Case worked on Power Wyoming with Rep. Dan Zwonitzer, R-Cheyenne, chairman of the House Revenue Committee. Also on the team were members of the executive branch and economists familiar with the state’s energy sector such as Rob Godby, the University of Wyoming director for Energy Economics and Public Policies Center and a College of Business associate professor. 

Zwonitzer said the planning effort is the starting point to prepare for diminishing mineral revenues. 

“Power Wyoming is just the first step of saying, ‘Here’s what’s going to happen to Wyoming,’” he said. “The group was formed to get the message out there: ’It’s real, and it’s bad.’”

Renny MacKay, Gordon’s policy adviser, said Power Wyoming was not established to be a group of individuals working on potential solutions to the state’s revenue problems, but rather a group of experts working to gather to analyze data.

“This is a cone of different scenarios for both revenue and energy production,” MacKay said.

In its current iteration, Power Wyoming provides insight by compiling information from the state’s Consensus Revenue Estimating Group and the U.S. Energy Information Administration, among others.   

“Energy production is declining … and if there is production decline, the traditional jobs we have in Wyoming would be impacted,” MacKay said. “Information gives us power. The more we look at it, the more we talk about it, we can figure out what our opportunities are as a state.”

Worst case scenarios

While the coal industry’s struggles are being felt across the state, Case said Power Wyoming illuminated potential problems with the natural gas sector as well.

“I did not realize the issues with natural gas were as serious as they are,” he said. “Everybody else is thinking natural gas is doing great, and it’s not.”

The planning effort’s initial simulation results highlight some scenarios where the state’s total mineral revenue drops by 10 percent as early as 2020-2022 before a potential partial recovery by 2024. Some scenarios show a full recovery to expansion in revenues, but Power Wyoming reports they are the least likely cases within the current market conditions and expectations.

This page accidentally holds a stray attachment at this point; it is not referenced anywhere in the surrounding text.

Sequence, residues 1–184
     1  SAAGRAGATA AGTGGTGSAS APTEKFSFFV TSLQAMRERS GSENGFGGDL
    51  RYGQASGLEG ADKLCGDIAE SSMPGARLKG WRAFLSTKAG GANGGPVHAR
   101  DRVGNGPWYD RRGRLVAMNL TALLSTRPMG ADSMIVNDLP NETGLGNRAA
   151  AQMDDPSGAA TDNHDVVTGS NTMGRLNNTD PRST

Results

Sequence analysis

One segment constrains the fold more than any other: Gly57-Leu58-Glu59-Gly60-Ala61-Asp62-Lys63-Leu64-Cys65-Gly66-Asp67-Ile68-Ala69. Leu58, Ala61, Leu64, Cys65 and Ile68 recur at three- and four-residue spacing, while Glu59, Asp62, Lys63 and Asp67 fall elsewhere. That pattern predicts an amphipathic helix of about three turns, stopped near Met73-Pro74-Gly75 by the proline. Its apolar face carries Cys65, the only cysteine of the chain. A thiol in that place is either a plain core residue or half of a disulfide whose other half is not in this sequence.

Most scenarios predicted a decrease in both Wyoming’s total employment and population, but in the worst case scenarios, the state’s total employment could decrease by about 20,000 jobs by 2024, followed by a similar decrease in population.

“In the next five years, there’s no way to absorb those (lost) jobs,” Zwonitzer said. “That means we’ll either have to have an increase in taxes, or a decrease in government services.”

In the worst case scenarios, he said the state would most likely need to pursue both. 

“We’ve lived a certain way in this state for 100 years with minerals paying the taxes,” Zwonitzer said. “That major revenue source is going away. So what does that look like for our future, and what do we want to do about it?”

Unreliable oil

Some of the scenarios, including those in the best case category, relied heavily on increased oil production balancing decreased coal and natural gas production. But Case warned against putting faith in the oil market.

“I think oil is very susceptible to environmental and carbon risk,” he said. “Changes in policy from Washington, D.C., and from other states could make it impossible to grow petroleum.”

A low-carbon policy consideration was also provided for the Revenue Committee as part of the Power Wyoming data package. Case said the presentation offered a more realistic outlook of oil than the initial simulation results put together by Godby.

In the policy consideration, Shell Global estimates a high usage of liquid hydrocarbon fuels, such as gasoline, in 2020 by about 25 million barrels a day. After the peak, however, the oil company predicts a gradual decrease down to 10 million barrels a day in 2060 and about 2 million barrels in 2100 as part of its strategy to comply with the Paris Climate Accord.

Most scenarios presented by Power Wyoming indicate the mineral sector is going to take a significant hit in the next five years, but even if the best case scenarios come true, Case said the future of energy is moving away from Wyoming’s traditional mineral offerings.

“This will tell you that the bad times are here,” Case said. “This is not just a tool for the Revenue Committee, but it’s also a tool for us. If you’re an employee in the coal industry, it’s probably time for you to get your own house in order.”

MacKay said Gordon is already working on the next steps of the planning effort. 

“We are bringing folks from the private industry now,” he explained. “Power Wyoming will definitely stick around for the foreseeable future.”

What if coal production drops to zero? Legislature looking for new revenues

in Government spending/Energy/News/Taxes